Popular spins in Monkey Mansions this month include:
1. Grant Green – “Have You Ever Had The Blues?” (1963)
Guitarist Green may have had top billing but Big John Patton’s Hammond takes centre stage. Taken from the excellent Blues For Lou LP which incredibly had to wait 36 years before release.
2. The Action – “Why Do You Wanna Make Me Blue” (1965)
Talk about unearthed treasure. This was the audition disc The Action cut for Decca on 31st May 1965 and the earliest evidence of their brilliance. They attack The Temptations at quite a lick but once they settle down it has everything we’d come to know and love from our Kings of Kentish Town: Reggie King’s passionate vocal, the three-part harmonies and the chiming guitars. Only available as part of the deluxe edition of the In The Lap of The Mods book which is utterly essential. Full review to follow.
3. Clarence Carter – “Snatching It Back” (1969)
The sound of Muscle Shoals. The whole Testifyin’ album is a bristling soul cracker.
4. Tony Joe White – “The Daddy” (1971)
Can’t help but think of Stanley Road era Paul Weller. But don’t let that put you off.
5. James Brown – “It’s A New Day” (1970)
“Hair is the first thing. And teeth the second. Hair and teeth. A man got those two things he’s got it all.” – James Brown.
6. The High Llamas – “Checking In, Checking Out” (1993)
With the vogue for bands marking anniversaries by performing “classic” albums, I’m hopeful The High Llamas will play Gideon Gaye next year, for it’s an album worthy of such an accolade.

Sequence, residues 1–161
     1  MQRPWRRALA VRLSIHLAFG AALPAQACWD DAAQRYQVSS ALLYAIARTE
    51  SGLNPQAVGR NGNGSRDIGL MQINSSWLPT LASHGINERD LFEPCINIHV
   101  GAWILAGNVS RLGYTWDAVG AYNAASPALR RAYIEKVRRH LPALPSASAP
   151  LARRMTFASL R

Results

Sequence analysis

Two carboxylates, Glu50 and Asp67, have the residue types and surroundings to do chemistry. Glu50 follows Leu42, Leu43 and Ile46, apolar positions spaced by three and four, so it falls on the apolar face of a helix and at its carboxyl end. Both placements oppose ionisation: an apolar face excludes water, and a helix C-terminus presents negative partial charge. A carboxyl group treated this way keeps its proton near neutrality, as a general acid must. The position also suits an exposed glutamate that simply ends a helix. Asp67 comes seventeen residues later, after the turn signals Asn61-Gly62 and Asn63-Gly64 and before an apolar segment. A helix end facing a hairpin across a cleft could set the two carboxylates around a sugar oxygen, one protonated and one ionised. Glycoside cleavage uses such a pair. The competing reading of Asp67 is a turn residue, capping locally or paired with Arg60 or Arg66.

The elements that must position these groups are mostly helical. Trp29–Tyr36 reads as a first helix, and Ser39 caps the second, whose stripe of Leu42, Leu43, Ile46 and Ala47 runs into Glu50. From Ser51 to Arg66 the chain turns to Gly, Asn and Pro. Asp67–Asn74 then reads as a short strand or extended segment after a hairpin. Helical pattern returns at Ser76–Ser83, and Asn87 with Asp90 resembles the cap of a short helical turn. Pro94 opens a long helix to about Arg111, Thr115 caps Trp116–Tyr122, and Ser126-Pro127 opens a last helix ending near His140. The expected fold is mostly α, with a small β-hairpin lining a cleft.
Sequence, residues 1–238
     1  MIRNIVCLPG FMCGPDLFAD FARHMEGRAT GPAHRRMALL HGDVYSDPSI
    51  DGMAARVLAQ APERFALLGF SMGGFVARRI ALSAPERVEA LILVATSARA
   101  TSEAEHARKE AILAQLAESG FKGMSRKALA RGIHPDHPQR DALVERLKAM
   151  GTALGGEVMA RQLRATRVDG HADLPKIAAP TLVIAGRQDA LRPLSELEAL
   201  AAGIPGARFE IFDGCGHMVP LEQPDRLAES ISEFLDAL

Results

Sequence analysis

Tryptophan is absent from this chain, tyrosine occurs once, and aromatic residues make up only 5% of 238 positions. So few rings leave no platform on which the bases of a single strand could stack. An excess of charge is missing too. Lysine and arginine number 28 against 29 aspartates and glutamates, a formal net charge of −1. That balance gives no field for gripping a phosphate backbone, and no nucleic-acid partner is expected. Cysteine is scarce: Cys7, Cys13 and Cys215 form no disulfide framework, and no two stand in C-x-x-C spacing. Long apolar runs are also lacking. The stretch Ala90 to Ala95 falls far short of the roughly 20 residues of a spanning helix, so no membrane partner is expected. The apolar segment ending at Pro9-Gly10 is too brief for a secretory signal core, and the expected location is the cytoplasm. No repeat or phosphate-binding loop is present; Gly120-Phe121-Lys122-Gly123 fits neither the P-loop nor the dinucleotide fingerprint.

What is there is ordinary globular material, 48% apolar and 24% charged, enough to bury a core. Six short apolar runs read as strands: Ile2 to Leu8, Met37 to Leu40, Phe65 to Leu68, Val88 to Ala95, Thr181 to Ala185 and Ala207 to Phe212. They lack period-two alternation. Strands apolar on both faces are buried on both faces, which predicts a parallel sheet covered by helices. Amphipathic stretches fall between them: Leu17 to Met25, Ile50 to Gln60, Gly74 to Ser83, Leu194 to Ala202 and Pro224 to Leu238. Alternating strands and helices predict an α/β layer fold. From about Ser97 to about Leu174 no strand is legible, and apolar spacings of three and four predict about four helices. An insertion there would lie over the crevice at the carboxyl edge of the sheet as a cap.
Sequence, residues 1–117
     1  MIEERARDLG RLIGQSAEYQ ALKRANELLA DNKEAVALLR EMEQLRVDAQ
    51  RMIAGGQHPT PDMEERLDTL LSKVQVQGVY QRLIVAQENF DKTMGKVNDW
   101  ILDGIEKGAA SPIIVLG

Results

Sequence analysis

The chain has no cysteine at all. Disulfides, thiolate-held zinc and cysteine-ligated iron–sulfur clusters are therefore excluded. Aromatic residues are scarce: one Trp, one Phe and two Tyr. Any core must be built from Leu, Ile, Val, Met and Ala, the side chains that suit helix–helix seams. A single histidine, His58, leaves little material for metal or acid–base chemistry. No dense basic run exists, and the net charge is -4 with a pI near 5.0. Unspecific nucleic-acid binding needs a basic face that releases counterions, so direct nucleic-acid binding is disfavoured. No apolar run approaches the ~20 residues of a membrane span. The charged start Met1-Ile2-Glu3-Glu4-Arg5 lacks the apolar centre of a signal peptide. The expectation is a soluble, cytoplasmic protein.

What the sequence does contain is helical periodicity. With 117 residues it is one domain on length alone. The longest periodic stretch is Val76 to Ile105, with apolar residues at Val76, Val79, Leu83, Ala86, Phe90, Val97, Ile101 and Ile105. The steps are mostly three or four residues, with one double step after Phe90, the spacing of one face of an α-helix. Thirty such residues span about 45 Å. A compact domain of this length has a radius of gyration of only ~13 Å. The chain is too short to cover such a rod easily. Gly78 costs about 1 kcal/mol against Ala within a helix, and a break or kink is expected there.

7. Andy Lewis featuring Keni Burke – “(Love Is) Alive In My Heart” (2005)
The best soul-pop song The Style Council never made.
8. Tame Impala – “Feels Like We Only Go Backwards” (2012)
Second album Lonerism works best as a whole rather than piecemeal but the revolving psychedelic glitterball of “Feels Like We Only Go Backwards” is a typical of its giddy feel.
9. The Urges – “Fire Burning” (2012)
Irish bowlheads add a touch of brass to this frantic and infectious Whiskey-A-Go-Go-esque club shaker.
10. Andre Williams – “Stuck In The Middle” (2012)
Since the mid-50s Williams has been around the musical block and in some dark alleys but he’s back in Detroit and in good shape on his new LP, Life. Opener “Stuck In The Middle” is the best track with Andre’s trademark laconic vocals set against a bar-band Funkadelic groove.